Michael Buske, CET, along with engineer Tim Collingwood, project manager with CC Tatham & Associates, designed the unique system to capture stormwater from the adjacent road. The runoff flows into a catch basin, moves through a filtering system, flows to a chamber for storage, and from there is pumped to the aboveground water feature. The underground chamber was originally designed to be both a harvesting (gray water reuse) and a detention (exfiltration and release) system. The system also includes an outlet pipe to the city’s combined storm sewer system and a manhole for maintenance. In addition to supporting the water feature, some of the captured gray water is also used for toilet and urinal flushing to reduce fresh water use in the building.
According to Buske, during construction, it was determined that the system should be fully wrapped in the impermeable liner since it would be very difficult to interface the permeable top and impermeable bottom liners. This turned the underground portion into a full capture and reuse harvesting system. When the system reaches capacity, it utilizes an overflow pipe connected to the municipal stormwater system.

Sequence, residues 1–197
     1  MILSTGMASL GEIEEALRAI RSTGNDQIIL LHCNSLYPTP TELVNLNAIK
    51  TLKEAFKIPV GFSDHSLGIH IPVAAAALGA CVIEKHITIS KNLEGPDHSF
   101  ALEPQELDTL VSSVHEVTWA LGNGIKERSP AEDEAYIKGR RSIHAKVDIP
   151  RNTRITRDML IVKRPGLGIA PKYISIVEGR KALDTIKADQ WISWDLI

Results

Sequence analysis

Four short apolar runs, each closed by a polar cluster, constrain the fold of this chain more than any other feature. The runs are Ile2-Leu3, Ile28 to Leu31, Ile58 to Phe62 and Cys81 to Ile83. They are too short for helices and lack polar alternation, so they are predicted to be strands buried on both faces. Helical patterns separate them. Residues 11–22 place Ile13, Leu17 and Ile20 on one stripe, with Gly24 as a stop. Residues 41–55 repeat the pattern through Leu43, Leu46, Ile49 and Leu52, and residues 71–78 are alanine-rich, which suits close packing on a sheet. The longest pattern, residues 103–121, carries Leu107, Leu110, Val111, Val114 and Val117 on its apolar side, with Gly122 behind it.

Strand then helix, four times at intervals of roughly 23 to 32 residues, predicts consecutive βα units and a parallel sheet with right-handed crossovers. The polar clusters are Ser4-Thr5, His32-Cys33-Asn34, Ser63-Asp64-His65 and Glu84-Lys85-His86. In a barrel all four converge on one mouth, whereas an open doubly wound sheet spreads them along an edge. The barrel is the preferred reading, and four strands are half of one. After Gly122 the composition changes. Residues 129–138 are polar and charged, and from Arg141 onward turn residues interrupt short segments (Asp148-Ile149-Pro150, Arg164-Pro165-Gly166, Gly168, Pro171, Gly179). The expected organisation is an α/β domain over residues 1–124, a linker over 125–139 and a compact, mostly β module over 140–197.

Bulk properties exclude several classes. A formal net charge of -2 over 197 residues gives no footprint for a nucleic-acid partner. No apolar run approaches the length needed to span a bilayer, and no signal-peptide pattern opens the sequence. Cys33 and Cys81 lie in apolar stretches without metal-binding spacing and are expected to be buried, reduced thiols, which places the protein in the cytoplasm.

For the underground harvesting system, engineers selected Rainstore3 by Invisible Structures, Inc. (Golden, CO). Modular and stackable, the system is designed for underground storage of water for retention, detention and harvesting. The entire chamber at Lakehead University is comprised of 6,000 units stacked into two-meter-high cells and is capable of holding 564 cubic meters of water.
“This system was selected for the high storage volume in a smaller area as compared to a clear stone, French drain-type design,” said Collingwood. It was also attractive to the designer for its structural ability to support the load of the water feature pond directly on top of the system.